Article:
In author Garrison Keillor’s fictional town of Lake Wobegon, all the children are famously “above average.” Now, Nevada’s education establishment is trying to pass off a similar statistical impossibility when it comes to the state’s school teachers.
The Review-Journal’s Meghin Delaney reported Monday that the system in place to evaluate state educators resulted in just 55 of 20,785 teachers earning a subpar rating for the 2015-16 school year. That’s less than three-tenths of one percent. In addition, no teacher who was deemed “ineffective” — the lowest of four possible categories — worked in an underperforming school.
Even the number of teachers judged to be “minimally effective” was exceedingly small. Overall, evaluations reveal about 99 percent of all educators were placed in the “effective” or “highly effective” slots. Yes, you read that correctly.
Meanwhile, Nevada regularly shows up near the bottom in state rankings of student achievement. This seeming paradox is easy to explain. The teacher evaluation numbers are unbelievable — literally — and highlight how the current system is a “wink-wink, nod-nod” charade that serves to undermine accountability rather than reinforce it.
“The tension in this conclusion is obvious,” state Superintendent Steve Canavero said last week. “We see our state lag the nation, but we do not see a distribution that reflects anything close to this.”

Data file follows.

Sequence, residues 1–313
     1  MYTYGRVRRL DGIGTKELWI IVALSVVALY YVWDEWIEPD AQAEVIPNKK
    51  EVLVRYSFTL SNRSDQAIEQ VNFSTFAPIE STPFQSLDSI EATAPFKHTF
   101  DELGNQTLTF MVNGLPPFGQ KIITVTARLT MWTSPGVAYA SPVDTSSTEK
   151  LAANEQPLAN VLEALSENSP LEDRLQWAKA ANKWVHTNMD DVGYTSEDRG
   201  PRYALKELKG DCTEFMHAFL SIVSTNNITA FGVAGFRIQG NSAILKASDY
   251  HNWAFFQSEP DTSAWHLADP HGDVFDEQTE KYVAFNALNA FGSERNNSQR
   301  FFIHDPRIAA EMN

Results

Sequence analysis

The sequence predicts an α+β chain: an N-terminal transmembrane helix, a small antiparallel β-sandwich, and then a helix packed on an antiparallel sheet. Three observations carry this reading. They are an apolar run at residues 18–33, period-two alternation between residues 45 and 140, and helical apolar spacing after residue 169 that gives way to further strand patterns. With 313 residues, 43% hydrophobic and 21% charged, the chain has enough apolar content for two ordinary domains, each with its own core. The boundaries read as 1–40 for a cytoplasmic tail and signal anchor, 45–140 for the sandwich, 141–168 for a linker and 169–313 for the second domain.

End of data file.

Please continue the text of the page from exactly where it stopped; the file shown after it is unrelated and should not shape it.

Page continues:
Nevada lawmakers almost a decade ago passed a bill mandating a student achievement component in teacher evaluations, rather than relying only on principal classroom observations. But political controversy and bureaucratic glitches have plagued the effort, delaying implementation. And Democrats in Carson City are again this session trying to water down the proposed new standards, which went into effect this school year, as a sop to the teacher unions.
There are some legitimate concerns about over-emphasizing test scores in teacher evaluations. But ignoring student results is to coddle low-performing teachers by denying the link between quality instruction and achievement.
“If teachers do, in fact, make a difference in student learning, and if we are to have competent and caring teachers, shouldn’t we relate teacher work to student work?” write Pamela D. Tucker and James H. Stronge in “Linking Teacher Evaluations and Student Learning.” They also note that the solution for teacher evaluations “is not to continue with the traditional strategies simply because they are benign and comfortable, but rather to develop fair and reasonable means of assessing teacher success with students.”
Any evaluation system that yields patently absurd results tarnishes the credibility of the process. If Nevada lawmakers and educators hope to improve the state’s educational outcomes, they’ll realize that more comprehensive teacher evaluations aren’t the enemy, they’re a necessity.